MIM can overcome the surface activi-ty problems associated with nanopartic-
ulate materials by the use of surfaceactive agents or surfactants. By coatingthe surface of the particulates with amolecular monolayer of a suitable sur-factant, the surface activity can be dras-tically reduced so that the polymericbinder will now wet the thus surfactant-coated particulates.
The amount of surfactant needed isonly an infinitesimal fraction of the totalmass of the binder. Also, in most cases itis unnecessary to coat the entire surfacearea of the particulates.
When as little as 25 per cent of theirsurface is coated, their wettability will
metal-powder.net September 2003 MPR 23
Figure 1: The Shuttles takeoff is assisted by more than 350 000 pounds of fine aluminiumpowder, all burned in less than two minutes. Photograph: Courtesy NASA.
already have greatly improved while coat-ing more than 50 per cent habitually doesnot carry additional benefits.
If aliens from some distant planetwere to visit us, their first questionwould probably be: How can you guyssurvive in this poisonous gas? Our scien-tists tell us things haven't always beenthat bad and that there were the goodold days, at least for the anaerobic lifeforms from which we evolved, when therewas hardly any gaseous oxygen on ourplanet. But right now there's plenty of itand it burns - sometimes slowly, some-times fast - our cars, our ships, ourbridges, our forests, the Eiffel tower, andeven ourselves.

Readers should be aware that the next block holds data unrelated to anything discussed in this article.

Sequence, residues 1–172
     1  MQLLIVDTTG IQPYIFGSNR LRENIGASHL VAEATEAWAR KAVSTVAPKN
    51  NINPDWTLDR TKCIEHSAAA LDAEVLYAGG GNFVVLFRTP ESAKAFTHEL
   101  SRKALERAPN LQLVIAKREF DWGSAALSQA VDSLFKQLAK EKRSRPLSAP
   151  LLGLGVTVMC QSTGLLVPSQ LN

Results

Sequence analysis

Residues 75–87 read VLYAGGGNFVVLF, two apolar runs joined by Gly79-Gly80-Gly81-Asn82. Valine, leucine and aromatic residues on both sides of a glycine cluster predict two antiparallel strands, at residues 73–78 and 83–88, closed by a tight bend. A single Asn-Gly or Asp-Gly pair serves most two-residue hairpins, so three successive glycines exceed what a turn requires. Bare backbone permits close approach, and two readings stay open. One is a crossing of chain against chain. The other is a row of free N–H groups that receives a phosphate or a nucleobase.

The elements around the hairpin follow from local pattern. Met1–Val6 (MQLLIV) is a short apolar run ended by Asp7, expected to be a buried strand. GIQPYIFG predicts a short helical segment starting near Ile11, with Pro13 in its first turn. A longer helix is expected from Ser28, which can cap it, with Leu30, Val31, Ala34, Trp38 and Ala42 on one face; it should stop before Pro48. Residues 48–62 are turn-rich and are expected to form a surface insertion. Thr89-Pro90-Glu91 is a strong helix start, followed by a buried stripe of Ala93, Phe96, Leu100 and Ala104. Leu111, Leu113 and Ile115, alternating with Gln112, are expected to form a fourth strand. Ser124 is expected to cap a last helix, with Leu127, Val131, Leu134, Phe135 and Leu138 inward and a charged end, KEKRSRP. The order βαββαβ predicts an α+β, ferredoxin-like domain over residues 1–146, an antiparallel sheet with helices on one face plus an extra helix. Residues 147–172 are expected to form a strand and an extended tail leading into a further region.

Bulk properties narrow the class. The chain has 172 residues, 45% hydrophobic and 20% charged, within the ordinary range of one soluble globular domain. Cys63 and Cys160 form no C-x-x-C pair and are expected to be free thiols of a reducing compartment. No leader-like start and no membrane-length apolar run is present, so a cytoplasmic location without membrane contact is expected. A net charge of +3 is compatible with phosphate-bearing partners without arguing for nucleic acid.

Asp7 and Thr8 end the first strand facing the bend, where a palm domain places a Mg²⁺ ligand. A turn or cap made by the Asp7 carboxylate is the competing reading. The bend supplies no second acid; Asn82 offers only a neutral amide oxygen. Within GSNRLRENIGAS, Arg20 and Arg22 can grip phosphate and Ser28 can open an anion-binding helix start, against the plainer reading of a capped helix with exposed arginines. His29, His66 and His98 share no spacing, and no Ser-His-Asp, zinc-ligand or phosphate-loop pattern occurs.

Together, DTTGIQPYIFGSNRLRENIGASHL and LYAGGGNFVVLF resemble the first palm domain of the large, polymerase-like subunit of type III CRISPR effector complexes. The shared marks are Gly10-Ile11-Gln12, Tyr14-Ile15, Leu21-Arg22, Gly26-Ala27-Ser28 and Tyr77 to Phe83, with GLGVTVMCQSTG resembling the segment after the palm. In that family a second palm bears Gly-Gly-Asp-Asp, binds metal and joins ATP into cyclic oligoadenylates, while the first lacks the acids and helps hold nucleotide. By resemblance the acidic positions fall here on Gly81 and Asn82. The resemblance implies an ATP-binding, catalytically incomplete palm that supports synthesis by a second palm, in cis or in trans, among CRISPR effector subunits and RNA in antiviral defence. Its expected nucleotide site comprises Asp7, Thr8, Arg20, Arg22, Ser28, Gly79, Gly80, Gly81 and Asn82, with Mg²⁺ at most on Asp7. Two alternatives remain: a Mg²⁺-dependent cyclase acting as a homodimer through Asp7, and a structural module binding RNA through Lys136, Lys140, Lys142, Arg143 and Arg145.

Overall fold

Because of atmospheric oxygen, finemetal powders are pyrophoric, hencetheir use in fireworks and rockets. TheSpace Shuttle is put into orbit by burningabout 352,000 pounds of fine aluminiumpowder, all of it in less than two minutes.Most nanopowders are so reactive theyneed to be constantly kept under a blanket of inert gas. This makes fabrica-tion and processing of nanoparticulatematerials complicated and extremelycostly.